“She traveled the country, speaking about things like racial equity, social justice, labor rights, women's rights, and, of course, the social graces.” 

Hawkins Brown wanted her students to have access to the people she knew and was meeting as she traveled.

"She always invited people back to campus to lecture to her students or maybe teach a couple of classes,” says Torres Melendez.

One of these guests? Poet and author Langston Hughes.

"And so whenever those folks would come, they would share a meal with her here before going to meet students."

Meals, Torres Melendez says were strategic in many ways. They were an opportunity to teach social and interpersonal skills at the boarding school, but offered much more as well.

"Meals were such an organizing tool for Black folks in the 1940s and 50s. So it wasn't just about looking right or doing the right thing. It was also about gaining political power and access through those moments." 

Charlotte Hawkins Brown served as the president of Palmer until 1952, and during her presidency over 1,000 Black students graduated from the school. After her retirement, she remained involved as a financial advisor. Hawkins Brown died in 1961 and is buried on campus.

"So it's a really, really beautiful area that's become a really special place on campus and really kind of gives her legacy the weight that it deserves," says Torres Melendez.

By the early 70s, Palmer Memorial Institute was having a challenging time. A crucial building burned down, and the school was experiencing some financial hardship. Integration had brought shifts for schools like Palmer and enrollment had dropped. 

“The summer after graduating the class of 1971, the Board of Trustees voted to close the Palmer Memorial Institute,” says Torres Melendez.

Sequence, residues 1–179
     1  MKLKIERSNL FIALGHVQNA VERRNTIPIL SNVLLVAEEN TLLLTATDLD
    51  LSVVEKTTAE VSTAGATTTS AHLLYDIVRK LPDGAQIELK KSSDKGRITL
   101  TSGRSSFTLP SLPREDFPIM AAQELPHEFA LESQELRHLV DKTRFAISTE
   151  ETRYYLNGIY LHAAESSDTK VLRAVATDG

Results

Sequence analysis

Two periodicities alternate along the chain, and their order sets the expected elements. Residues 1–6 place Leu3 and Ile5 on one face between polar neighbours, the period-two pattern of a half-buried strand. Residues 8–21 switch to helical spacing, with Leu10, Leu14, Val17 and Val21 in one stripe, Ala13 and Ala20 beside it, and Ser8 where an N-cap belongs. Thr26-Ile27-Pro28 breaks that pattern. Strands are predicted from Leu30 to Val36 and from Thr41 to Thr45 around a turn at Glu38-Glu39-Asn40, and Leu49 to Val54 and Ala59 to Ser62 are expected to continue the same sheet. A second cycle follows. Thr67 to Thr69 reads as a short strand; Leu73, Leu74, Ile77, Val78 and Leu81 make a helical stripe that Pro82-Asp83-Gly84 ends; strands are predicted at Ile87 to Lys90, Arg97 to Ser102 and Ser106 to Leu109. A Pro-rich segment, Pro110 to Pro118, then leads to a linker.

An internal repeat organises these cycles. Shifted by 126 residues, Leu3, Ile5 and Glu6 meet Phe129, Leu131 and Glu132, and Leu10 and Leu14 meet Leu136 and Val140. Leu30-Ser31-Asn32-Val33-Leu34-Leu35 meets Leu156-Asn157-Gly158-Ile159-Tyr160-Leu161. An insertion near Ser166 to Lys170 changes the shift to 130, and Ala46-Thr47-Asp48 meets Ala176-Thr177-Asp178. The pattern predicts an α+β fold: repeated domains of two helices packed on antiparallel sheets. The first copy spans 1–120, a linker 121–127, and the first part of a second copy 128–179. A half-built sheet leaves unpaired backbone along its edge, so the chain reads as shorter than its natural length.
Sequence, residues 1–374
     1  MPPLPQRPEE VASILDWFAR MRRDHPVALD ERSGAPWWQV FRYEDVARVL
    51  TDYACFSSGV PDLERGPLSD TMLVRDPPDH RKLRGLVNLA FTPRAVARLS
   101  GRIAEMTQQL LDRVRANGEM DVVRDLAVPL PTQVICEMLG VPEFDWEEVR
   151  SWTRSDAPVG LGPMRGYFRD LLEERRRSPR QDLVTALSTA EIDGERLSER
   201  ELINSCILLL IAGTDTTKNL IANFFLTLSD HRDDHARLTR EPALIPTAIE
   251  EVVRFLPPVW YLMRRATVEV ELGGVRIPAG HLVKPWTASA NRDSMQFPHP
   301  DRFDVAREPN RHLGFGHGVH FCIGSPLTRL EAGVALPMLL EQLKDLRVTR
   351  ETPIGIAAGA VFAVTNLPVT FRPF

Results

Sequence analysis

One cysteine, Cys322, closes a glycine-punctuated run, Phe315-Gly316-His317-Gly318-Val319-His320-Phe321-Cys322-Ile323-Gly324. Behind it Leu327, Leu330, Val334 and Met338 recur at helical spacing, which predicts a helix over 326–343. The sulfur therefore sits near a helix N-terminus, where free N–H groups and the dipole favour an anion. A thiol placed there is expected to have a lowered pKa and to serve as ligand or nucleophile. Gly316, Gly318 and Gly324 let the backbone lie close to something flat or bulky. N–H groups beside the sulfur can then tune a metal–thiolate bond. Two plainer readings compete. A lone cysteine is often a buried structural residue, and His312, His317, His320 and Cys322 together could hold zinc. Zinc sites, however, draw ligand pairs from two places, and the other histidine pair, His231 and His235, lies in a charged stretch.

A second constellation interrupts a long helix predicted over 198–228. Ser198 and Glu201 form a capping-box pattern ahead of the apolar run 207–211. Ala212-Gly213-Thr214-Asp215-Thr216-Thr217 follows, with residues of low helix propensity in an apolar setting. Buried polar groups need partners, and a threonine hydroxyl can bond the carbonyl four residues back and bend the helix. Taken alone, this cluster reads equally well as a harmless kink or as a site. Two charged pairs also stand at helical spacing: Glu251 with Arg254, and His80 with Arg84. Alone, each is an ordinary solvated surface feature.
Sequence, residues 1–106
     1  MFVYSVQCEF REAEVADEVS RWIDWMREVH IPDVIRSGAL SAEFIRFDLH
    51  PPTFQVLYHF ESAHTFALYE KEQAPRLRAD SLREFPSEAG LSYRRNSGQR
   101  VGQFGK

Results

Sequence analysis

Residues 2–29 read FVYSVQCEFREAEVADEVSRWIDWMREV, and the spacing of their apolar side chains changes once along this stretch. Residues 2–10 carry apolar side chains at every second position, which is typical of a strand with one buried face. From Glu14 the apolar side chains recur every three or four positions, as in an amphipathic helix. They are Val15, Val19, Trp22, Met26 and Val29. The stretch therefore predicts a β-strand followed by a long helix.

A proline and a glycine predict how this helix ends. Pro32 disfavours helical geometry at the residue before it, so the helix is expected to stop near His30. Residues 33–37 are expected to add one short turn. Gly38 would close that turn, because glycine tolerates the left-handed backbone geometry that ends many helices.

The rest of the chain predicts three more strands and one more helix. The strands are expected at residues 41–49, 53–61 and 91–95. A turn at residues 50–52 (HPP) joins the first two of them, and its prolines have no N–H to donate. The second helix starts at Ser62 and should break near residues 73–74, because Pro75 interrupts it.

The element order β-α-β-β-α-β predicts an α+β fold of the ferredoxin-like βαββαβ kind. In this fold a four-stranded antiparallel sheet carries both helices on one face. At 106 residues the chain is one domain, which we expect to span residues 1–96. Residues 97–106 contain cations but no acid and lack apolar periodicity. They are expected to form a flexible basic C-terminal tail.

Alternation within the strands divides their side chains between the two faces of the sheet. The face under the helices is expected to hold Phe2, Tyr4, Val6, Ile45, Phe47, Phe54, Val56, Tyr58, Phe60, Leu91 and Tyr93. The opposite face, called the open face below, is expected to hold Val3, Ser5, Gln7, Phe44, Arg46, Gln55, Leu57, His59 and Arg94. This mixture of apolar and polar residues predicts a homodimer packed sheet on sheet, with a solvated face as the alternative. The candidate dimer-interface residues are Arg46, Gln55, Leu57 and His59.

But thanks to the efforts of alumni including Maria Cole, Hawkins Browns’ niece, and wife of Nat King Cole, a foundation was created to preserve the legacy of Palmer and the campus became a state historic site in 1987.

You can learn more by visiting the Charlotte Hawkins Brown Museum in Sedalia, NC. It’s open Tuesday through Saturday. 

  • Canary Cottage

    Canary Cottage was the home of Charlotte Hawkins Brown and was located on campus. Image courtesy: Charlotte Hawkins Brown Museum.

  • Eliot Boys Dorm

    Charles W. Eliot Hall, the boys' dorm on campus. Image courtesy: Charlotte Hawkins Brown Museum.

  • Galen Stone Girls Dorm

    Galen L. Stone Hall, the girls' dorm on campus. Image courtesy: Charlotte Hawkins Brown Museum.

  • Charlotte Hawkins Brown at piano

    Charlotte Hawkins Brown and a group of girls at the piano in her Canary Cottage home in 1946. The youngest child is Maria Cole, Hawkins Brown's niece. Image courtesy: Charlotte Hawkins Brown Museum.

  • Charlotte Hawkins Brown's desk

    Charlotte Hawkins Brown's desk at her Canary Cottage home. BETHANY CHAFIN/WFDD

  • Photos of Charlotte Hawkins Brown and family

    Charlotte Hawkins Brown and family members in photos on the mantel at Canary Cottage. BETHANY CHAFIN/ WFDD